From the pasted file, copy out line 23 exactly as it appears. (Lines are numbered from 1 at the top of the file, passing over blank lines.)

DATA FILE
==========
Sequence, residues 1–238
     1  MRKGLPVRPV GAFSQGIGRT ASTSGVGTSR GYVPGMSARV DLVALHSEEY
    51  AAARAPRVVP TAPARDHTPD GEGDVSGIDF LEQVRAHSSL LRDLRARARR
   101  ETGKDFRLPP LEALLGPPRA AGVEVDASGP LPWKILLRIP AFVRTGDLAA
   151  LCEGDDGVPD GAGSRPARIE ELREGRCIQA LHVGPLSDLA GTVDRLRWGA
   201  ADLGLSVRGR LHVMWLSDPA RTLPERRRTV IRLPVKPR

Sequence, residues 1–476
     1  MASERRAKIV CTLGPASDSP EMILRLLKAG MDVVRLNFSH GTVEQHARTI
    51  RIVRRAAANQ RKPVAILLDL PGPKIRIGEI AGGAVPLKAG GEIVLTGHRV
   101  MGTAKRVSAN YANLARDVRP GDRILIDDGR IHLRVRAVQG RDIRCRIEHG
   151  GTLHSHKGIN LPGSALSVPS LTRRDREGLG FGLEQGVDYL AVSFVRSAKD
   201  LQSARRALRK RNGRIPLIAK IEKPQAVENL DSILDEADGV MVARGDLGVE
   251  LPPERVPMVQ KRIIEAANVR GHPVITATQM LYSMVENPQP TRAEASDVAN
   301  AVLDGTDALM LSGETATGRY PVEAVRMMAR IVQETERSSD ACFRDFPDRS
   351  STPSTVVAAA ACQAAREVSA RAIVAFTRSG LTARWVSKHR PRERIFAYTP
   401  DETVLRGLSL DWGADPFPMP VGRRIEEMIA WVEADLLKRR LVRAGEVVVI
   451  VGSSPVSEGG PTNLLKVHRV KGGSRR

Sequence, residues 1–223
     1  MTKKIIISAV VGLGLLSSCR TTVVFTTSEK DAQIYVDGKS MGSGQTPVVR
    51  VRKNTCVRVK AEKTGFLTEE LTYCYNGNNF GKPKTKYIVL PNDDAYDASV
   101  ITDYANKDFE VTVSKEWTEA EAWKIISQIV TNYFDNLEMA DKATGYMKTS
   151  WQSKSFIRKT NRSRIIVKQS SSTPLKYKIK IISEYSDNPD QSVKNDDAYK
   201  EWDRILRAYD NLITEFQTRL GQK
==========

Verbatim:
   201  EWDRILRAYD NLITEFQTRL GQK